While unpopular, going through a credit bubble and contraction is healthy market activity. From a governance perspective, many critical items were learned along the way. Specifically, six months ago, no one would have estimated the Stability Fee would rise (or better stated be able to rise) to ~15% per annum without causing an absolute collapse in supply. The community has received a crash-course education (“learn by burn”) in the risk-tolerances and appetite for risk from the singular collateral in this project. While the underlying price of ether has appreciated, we have yet to see the market impact should we return to the bull (insane) market conditions of the fall of 2017.
It is further recommended to keep a rolling vote & poll to continue the communication to the community related to Stability Fee changes. Further, while not implemented yet, we should start the polling to form rough consensus on what portion (e.g. how many bps) of the Stability Fee to allocate to the DAI Savings Rate. As we do not yet know the full extend of the DAI Savings Rate on demand; although solidly believed to be a potent tool, it is recommended to start at no more than 100bps and only increase in 25bps increments. Gathering demand side data is essential for future PID algorithm optimization. It is expected that the DAI Savings Rate contract will be an essential metric to gauge and estimate demand changes.
Further, when Multi-Collateral DAI is released, it is recommended for each of the risk teams to evaluate the concept of throttling newly issued DAI (on a hourly / daily / weekly / monthly basis) until such time as each collateral class has reached a threshold of stability via a frequently updated per collateral debt ceiling. This throttling might also occur via different Stability Fee percentages tied to a specific collateral type. This serves the dual purpose of not allowing too much DAI to be minted and potentially move the overall DAI price off its peg, but also limiting the maximum amount of risk exposure any one given Maker Risk team should be allowed to embrace on behalf of the MKR token holders as a whole.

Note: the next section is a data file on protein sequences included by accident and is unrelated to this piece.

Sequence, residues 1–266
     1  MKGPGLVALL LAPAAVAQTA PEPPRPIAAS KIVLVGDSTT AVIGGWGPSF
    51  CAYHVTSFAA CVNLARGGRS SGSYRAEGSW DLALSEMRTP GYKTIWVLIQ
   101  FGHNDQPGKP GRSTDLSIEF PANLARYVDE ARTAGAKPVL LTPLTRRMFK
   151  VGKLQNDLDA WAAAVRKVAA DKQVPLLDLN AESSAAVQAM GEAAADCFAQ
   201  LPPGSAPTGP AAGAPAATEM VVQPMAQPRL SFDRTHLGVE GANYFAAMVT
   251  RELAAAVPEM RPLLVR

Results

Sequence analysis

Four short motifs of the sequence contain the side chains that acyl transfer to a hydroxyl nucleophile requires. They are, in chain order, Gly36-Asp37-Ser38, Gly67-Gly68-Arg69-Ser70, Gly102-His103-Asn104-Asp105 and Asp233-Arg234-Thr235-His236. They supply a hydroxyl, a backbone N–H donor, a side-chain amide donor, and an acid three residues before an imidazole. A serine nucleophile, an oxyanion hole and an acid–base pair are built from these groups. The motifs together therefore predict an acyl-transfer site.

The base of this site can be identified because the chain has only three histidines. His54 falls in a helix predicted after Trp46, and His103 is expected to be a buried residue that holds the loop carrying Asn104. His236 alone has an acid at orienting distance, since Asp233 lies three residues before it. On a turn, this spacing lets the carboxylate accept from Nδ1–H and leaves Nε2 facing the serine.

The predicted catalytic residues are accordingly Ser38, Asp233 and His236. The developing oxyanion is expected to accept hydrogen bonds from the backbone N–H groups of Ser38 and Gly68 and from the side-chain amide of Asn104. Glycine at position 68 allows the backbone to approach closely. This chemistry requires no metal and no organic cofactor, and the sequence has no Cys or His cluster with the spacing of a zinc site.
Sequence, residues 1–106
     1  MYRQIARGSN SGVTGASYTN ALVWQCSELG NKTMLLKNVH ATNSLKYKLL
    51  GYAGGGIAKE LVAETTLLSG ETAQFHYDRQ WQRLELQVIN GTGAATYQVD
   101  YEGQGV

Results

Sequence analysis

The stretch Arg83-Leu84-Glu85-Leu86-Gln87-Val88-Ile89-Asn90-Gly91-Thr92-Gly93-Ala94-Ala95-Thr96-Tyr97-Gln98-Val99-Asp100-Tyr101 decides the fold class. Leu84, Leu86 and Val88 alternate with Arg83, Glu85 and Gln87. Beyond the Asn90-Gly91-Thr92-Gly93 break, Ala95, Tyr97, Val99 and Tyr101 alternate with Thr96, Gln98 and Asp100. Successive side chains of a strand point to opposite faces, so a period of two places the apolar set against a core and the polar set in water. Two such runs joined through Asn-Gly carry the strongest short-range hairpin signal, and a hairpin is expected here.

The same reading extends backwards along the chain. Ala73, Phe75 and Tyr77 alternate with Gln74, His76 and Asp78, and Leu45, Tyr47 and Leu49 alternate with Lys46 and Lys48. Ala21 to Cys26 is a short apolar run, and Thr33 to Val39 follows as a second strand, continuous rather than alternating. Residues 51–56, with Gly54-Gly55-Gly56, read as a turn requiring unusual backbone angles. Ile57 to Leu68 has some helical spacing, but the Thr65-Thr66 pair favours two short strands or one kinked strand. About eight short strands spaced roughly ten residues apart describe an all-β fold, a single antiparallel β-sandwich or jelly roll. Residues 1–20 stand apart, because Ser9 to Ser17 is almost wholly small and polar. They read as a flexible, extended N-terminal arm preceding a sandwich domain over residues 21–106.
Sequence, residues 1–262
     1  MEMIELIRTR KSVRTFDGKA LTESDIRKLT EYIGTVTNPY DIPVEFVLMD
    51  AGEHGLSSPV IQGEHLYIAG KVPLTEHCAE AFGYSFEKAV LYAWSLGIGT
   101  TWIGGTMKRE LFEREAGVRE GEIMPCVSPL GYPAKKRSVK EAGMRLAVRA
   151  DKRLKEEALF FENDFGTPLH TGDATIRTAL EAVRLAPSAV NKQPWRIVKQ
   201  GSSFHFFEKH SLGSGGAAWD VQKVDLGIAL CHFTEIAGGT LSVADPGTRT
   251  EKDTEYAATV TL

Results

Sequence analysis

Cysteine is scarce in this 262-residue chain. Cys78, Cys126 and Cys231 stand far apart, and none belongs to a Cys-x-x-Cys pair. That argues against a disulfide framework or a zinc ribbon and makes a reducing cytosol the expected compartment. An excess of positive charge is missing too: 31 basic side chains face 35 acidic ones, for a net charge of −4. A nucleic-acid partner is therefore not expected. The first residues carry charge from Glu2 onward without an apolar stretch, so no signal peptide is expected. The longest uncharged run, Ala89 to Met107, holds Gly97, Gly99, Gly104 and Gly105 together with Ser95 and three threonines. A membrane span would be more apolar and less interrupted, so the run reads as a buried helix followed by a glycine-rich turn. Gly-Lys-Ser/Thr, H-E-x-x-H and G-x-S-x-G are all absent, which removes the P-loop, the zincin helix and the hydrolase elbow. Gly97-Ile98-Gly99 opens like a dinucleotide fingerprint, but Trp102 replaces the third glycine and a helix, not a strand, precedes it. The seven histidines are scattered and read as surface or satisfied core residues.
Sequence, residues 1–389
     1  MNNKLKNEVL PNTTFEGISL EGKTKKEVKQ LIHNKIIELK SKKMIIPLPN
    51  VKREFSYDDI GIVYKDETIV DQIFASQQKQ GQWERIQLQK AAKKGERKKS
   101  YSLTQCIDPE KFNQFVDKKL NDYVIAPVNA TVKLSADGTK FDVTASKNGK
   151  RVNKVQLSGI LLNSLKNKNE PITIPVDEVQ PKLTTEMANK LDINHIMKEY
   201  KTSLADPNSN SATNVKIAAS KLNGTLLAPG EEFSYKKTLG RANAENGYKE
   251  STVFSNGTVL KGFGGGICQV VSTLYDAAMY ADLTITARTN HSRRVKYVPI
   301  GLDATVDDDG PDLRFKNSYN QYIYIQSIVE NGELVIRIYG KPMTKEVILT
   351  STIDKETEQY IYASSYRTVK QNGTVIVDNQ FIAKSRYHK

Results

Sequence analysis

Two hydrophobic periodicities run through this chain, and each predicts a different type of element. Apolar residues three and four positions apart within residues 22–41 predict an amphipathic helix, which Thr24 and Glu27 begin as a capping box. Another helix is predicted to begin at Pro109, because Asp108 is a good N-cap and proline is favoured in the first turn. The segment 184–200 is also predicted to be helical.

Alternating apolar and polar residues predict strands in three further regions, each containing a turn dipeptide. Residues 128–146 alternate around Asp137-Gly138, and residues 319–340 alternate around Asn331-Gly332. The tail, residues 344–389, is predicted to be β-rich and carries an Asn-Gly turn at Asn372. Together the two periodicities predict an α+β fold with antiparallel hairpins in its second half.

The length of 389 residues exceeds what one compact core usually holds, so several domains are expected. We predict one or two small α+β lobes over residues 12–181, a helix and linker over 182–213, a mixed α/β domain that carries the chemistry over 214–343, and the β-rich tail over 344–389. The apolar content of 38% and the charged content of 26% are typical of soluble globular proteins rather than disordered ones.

In a continuation of last week’s narrative, it is recommended to establish a workgroup to start the logic on a PID Control System*** tool to help with signaling. As outlined prior, it can be reasonably forecasted that over a period of time upcoming to see that control system move from signaling humans that vote to one where the PID tool would implement those changes and have humans vote on the tuning variable or to veto all-together. What becomes interesting is not only the frequency of when that PID tool should be run (e.g. weekly? daily? hourly?) but also if we should run the optimization when DAI is being minted or destroyed. A solid argument could be made that the DAI minting and destruction process can directly cause price change in the market and are likely targets for when the control inputs to the system could be modified. Further, minting 3000 DAI has a clearly different impact on the market than minting 3mm DAI, especially if the intent of such DAI minting is to sell for a FIAT off-ramp, thus degrading the DAI price. Therefore in a multi-collateral dai world, it is recommended to include whether or not the intention of the collateral used on or off-chain as a metric of consideration (e.g. lending against real-estate).
Similar to an old engineering school project of having an autonomous car follow a while line, we need to consider the inputs to the system allow for such a PID tool (e.g. DAI price oracles, overall supply, current stability fee, current DAI Savings Rate, arc point elasticity on demand & supply, and the stated objective for overall SF and MKR risk-premium to name a few). For sure there will be more as we develop the overall logic. This style tool will have profound impacts with the long-term ramifications (positive) when the tool will make counteracting market decisions as the community votes and monitors.
- – price being determined by USD fiat offramp via USDC – DAI (at pro.coinbase.com)
** – feedback inputs would be DAI Savings Rate balance / Overall Supply Balance / computation of arc point elasticity for each / others
*** – PID (proportional / integral / derivative) Control System. It is expected that the DAI Savings Rate will be a potent (and more so than the Stability Fee impact on Supply) tool, as such it will be supply leaning (much like an autonomous car that has an alignment issue and drifts to the right, the control system for Maker will unlikely be symmetric between supply and demand).
NOTE: Not a part of the Maker foundation, just my $0.02 and not intended as advice in any capacity.